Which is possibly the start to a good joke, but not one I know the punchline to. It’s also the starting point for an informal, impromptu gathering last night, that expanded to include the wives, friends, children and a dog. Not to mention 3 barbecues, some cheap fizz and creme de cassis, quite a lot beer, wine, and a lot of talking and eating.
Nation shall speak unto nation, and over the breaking of bread will find out that they’re really not that bad, or that different. And if food serves no other purpose than the bringing together of people, then that is a good one.
We also found culinary differences. The Dutch children were fascinated by a big bowl of jelly and made huge inroads into it. Who would have guessed? Chocolate bananas were devoured by all. And Ainsley Harriott’s recipes came in for a lot of stick, as by 10pm the dish was still not cooked. May well have been the lack of cheap, thin streaky bacon in this part of France, with the bashed out piece of pork taking a lot longer.
We also discovered, I would guess much to one G Ramsay’s delight, the Netherlanders had never heard of Ainsley. To be fair, they didn’t mention Gordon either, it was all about Jamie Oliver.
So foodie or not, I would urge you to get together around food. There was nothing more grand, Ainsley excepted, than a few sausages, pasta salad and some kebabs last night, but everyone stayed talking and drinking until the most amazing downpour called an end to outside drinking.
Although from some of the quiet faces around the pool this morning, there may not have been an end to indoor drinking. Apparently it is all the fault of the Pineau!
So, back to the Englishman, the Welshman, the Scotsman…
I’ve been on a bit of a great North run around over the past two days, which involved an overnight stay in Sale. And dinner at the Plough & Flail in Mobberley. One of those places that is pretty hard to find, but very much worth the effort.
It has all the cues of gastro pub, which can be good or bad. Too many times, there seem to be places that think just slapping up some Farrow & Ball paint makes them a gastro pub. All style, no substance. Not this place. It was one of those menus where you could have ordered everything and anything.
There was everything from great fish to great comfort food. I went for a homemade steak and onion pie, with fabulous hand cut chips, not to mention something described as sticky red cabbage, which was delicious. Not sure what recipe they used, but there’s one here on the BBC Good Food website that sounds like it would be close.
It’s very close to Tatton Park, so a good stopping point if you are going to an event like the RHS Flower Show in a couple of weeks time. I would suggest whenever you go that you book. We were there at 7pm on a Monday night, and it seemed to have a good amount of tables occupied. There is plenty of outside space as well, but I would imagine it would be packed on a Sunday lunchtime. The food would make it worthwhile though.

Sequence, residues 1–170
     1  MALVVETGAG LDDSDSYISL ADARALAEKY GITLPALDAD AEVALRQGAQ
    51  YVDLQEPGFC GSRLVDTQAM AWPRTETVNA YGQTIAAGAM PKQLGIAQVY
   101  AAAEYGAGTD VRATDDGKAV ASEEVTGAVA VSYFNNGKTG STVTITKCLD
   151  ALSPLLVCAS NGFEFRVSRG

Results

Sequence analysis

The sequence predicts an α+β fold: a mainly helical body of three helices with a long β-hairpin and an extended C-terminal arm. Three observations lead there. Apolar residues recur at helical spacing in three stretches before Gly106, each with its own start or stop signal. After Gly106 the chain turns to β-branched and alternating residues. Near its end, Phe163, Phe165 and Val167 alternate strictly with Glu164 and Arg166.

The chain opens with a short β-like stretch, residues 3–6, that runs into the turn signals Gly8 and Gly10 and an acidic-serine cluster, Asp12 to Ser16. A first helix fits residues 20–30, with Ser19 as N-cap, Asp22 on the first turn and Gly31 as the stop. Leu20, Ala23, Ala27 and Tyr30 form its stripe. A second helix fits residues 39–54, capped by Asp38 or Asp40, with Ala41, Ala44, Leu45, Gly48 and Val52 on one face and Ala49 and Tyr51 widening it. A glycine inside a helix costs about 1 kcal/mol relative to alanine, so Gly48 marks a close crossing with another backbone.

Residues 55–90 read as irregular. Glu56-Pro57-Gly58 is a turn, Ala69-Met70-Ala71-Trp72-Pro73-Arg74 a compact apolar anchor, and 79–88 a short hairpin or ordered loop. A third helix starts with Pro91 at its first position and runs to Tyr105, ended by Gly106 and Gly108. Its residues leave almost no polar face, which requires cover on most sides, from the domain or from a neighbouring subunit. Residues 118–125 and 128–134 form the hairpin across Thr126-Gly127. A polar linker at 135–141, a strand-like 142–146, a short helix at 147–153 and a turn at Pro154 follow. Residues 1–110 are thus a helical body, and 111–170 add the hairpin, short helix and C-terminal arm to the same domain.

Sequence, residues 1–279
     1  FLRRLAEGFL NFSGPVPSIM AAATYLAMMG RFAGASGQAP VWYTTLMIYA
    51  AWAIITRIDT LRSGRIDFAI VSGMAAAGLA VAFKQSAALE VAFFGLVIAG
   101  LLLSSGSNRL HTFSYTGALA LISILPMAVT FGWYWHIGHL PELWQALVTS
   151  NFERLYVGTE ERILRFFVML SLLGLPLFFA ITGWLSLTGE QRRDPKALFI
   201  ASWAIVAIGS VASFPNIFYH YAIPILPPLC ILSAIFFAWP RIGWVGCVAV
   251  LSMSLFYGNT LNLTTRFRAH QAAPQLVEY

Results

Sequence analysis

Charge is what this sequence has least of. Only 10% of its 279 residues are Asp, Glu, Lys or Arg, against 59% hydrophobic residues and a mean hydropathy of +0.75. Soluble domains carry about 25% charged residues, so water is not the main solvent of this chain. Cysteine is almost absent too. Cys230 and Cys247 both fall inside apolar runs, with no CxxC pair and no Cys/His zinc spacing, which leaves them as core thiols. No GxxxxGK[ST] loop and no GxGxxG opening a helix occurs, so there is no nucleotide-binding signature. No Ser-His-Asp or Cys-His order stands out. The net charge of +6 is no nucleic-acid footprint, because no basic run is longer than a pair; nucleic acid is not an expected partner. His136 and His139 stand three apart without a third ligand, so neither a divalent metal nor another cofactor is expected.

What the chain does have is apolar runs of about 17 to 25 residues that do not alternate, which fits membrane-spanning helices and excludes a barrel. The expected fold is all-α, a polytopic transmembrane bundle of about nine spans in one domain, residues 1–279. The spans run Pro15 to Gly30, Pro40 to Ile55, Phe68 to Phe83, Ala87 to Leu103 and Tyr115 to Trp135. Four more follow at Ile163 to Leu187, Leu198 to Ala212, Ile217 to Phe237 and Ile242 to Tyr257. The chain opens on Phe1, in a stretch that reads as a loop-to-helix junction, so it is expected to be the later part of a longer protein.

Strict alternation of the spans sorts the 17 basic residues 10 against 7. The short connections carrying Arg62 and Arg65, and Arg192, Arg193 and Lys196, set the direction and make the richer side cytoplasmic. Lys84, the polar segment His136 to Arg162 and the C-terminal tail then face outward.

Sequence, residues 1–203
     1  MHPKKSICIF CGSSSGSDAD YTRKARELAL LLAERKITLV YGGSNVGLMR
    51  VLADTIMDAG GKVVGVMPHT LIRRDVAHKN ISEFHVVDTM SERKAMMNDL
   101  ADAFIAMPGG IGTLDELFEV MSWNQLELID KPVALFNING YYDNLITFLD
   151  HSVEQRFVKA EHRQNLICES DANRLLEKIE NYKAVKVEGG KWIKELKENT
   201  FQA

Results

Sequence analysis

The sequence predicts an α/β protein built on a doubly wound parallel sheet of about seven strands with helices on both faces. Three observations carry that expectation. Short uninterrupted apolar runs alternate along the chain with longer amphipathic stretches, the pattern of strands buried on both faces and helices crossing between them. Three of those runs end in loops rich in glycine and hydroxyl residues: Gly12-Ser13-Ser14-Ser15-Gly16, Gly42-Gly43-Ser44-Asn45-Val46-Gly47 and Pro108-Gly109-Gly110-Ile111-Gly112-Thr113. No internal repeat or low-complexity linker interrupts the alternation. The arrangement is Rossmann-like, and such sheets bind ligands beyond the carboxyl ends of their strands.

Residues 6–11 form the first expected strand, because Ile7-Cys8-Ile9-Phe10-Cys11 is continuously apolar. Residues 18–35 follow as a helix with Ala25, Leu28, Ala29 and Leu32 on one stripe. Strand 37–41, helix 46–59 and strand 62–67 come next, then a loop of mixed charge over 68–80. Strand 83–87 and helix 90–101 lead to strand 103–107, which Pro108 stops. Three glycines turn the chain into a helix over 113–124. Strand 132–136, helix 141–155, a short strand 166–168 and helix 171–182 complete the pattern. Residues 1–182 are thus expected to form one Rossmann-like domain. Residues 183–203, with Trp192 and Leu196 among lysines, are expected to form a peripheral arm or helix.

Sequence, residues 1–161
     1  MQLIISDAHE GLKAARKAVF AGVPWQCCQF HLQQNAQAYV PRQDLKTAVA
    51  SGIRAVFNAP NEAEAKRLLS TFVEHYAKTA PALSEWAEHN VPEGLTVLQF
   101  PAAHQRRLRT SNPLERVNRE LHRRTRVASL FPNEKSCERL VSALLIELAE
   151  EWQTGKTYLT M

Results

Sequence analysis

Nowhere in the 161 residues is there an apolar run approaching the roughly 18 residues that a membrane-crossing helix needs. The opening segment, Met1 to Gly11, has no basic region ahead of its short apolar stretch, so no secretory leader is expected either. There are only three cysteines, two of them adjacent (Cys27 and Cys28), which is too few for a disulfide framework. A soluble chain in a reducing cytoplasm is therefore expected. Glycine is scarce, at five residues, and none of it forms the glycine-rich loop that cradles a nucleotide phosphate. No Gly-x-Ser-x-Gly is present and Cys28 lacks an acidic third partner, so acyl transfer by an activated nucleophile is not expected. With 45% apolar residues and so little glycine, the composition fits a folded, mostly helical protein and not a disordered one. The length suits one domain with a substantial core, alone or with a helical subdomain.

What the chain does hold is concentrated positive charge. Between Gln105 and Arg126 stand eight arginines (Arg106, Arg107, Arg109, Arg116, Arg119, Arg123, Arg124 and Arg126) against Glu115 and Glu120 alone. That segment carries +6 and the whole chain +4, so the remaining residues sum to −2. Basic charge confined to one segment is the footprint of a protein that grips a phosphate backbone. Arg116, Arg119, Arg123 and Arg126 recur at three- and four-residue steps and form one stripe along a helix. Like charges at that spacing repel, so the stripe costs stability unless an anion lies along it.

It seems like it’s been a true summer’s day all over the UK today, although tempered, of course, with heavy downpours in places. So I’ve been thinking about warm summery flavours, of which one of my favourite is lime.
It’s tropical but sharp, and goes with all sorts of great things, from fruit to griddled halloumi (one of my favourites). But it can be a so and so to get the juice out of, and doesn’t really love having to use the same juicer as the lemon gets! So if your foodie is a gadget gatherer, then one of their gifts has to be this lime squeezer.
With that vivid green colour, there’s no mistaking what this one is for! It easily squeezes out all the juice and doesn’t drop in any of the seeds, pulp or peel. And at under £10, it’s also a perfect credit crunch gift, with the only thing getting squeezed being the lime, not your bank balance.
What are you going to do with all that lovely juice? Well browsing around I came across this great recipe on The Cottage Smallholder for Coriander and Lime Juice Pesto, which sounds amazing. This would make a really great light summery supper stirred through pasta, with a crunchy green salad on the side, and possible a glass of something white and chilled.
It credits Bill Granger with being the inspiration, who is one of my favourite cooks. I’ve never eaten at any of his places, or even stepped onto Australian soil, but a great many of his books line the bookshelves here. It all looks invitingly fresh and healthy, but not dull. The sort of flavours you want to eat when it’s hot, but not when it’s February.
I am working my way through Bill’s Food and Every Day, as well as Holiday. Now the warm weather is, hopefully, here for a bit, they are just perfect. If your foodie needs some new recipe inspiration, then try these. Just don’t look at them on a wet day, you will feel jealous!
Or else, just book yourselves on that trip to Australia and visit his resturants. That’ll be like all their foodie gifts come true at once!
Since I wrote this, I’ve had the joy of a trip to Australia, some amazing eating and a trip to Bill’s very first restaurant. It wasn’t a let down.